Coming in at number four on AFI’s 100 Years… 100 Heroes & Villains, the Wicked Witch of the West is an unforgettable, menacing, nightmare of a woman. Flying on her broomstick, cackling crazily, brandishing fire, painted green, curling and uncurling her fingers like claws as if she were some evil gypsy grandmother… This movie character set the high bar for villains forever. People still recall her “Catchphrase” if you will, “I’ll get you my pretty, and your little dog, too!” which narrowly made the list of greatest quotes. Who can forget her unleashing her flying monkey army “Fly, Fly!” or her wailing, flailing, smoking demise “I’m melllltttiiiinngg!!! I’m melllltttiiiinngg!!! ” Good god. There is no questioning it whatsoever. This character gave nightmares to children for generations, and deserves her place in the annals of screen villainy for all time.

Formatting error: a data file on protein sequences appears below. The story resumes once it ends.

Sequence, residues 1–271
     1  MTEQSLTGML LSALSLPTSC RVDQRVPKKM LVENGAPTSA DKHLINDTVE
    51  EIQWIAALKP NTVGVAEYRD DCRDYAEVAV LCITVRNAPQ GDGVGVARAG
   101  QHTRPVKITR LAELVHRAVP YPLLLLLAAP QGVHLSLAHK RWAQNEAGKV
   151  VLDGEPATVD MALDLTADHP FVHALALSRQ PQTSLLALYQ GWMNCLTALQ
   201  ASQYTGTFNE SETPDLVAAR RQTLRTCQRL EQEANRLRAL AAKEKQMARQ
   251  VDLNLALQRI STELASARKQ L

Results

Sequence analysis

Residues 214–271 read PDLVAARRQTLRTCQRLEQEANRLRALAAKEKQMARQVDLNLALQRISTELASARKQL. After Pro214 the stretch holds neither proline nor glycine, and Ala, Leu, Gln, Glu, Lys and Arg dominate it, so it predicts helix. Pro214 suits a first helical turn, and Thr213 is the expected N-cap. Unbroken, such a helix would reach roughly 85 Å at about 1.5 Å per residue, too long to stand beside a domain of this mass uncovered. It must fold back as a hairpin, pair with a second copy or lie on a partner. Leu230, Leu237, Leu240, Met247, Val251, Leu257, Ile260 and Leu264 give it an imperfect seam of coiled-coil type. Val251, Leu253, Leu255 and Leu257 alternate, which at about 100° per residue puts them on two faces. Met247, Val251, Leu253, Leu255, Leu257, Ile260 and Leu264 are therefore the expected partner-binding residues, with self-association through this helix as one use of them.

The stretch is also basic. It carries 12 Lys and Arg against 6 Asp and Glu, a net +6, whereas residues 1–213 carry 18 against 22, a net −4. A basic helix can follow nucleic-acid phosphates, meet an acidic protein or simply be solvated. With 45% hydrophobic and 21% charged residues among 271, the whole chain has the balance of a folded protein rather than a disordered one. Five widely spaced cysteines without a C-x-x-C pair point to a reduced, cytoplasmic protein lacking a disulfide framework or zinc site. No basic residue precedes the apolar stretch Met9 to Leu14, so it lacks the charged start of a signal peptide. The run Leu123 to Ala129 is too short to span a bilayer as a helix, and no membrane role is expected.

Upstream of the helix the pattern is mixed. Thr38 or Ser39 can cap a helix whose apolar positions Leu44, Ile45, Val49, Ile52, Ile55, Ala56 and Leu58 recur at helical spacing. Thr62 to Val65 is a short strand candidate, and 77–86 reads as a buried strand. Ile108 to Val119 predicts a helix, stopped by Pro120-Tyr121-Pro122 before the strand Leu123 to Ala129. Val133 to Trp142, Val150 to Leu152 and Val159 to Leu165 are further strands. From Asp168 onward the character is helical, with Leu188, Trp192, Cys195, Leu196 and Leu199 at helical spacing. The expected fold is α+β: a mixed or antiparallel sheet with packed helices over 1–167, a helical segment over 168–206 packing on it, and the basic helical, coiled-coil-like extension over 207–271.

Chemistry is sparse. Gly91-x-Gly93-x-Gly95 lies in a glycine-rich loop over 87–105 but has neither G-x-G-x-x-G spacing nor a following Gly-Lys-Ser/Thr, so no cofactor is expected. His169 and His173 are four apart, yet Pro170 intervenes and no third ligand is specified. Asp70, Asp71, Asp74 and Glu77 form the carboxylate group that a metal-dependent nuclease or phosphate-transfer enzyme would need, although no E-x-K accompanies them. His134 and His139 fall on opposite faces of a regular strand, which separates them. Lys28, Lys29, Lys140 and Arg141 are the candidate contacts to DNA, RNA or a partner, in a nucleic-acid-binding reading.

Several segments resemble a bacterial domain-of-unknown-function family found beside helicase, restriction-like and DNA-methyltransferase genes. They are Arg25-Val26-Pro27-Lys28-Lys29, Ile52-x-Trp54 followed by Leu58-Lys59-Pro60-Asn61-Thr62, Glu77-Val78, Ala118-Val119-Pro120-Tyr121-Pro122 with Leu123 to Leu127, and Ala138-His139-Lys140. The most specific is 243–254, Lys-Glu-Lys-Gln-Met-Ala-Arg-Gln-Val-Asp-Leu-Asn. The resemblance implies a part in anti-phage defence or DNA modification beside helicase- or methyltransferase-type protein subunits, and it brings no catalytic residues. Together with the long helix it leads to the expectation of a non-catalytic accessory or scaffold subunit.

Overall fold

“The Wizard of Oz” is one of the crown jewels of history’s treasure chest of films. It’s a shining example of the human imagination, creativity and spirit. It has a sweetness and an innocence to it which would almost be impossible to create today. It has lasted 75 years, and I have no doubt it will continue to last for as long as films are shown.

There’s no place like Oz, and that’s why it’s a “Movie That Everyone Should See”.

By Fog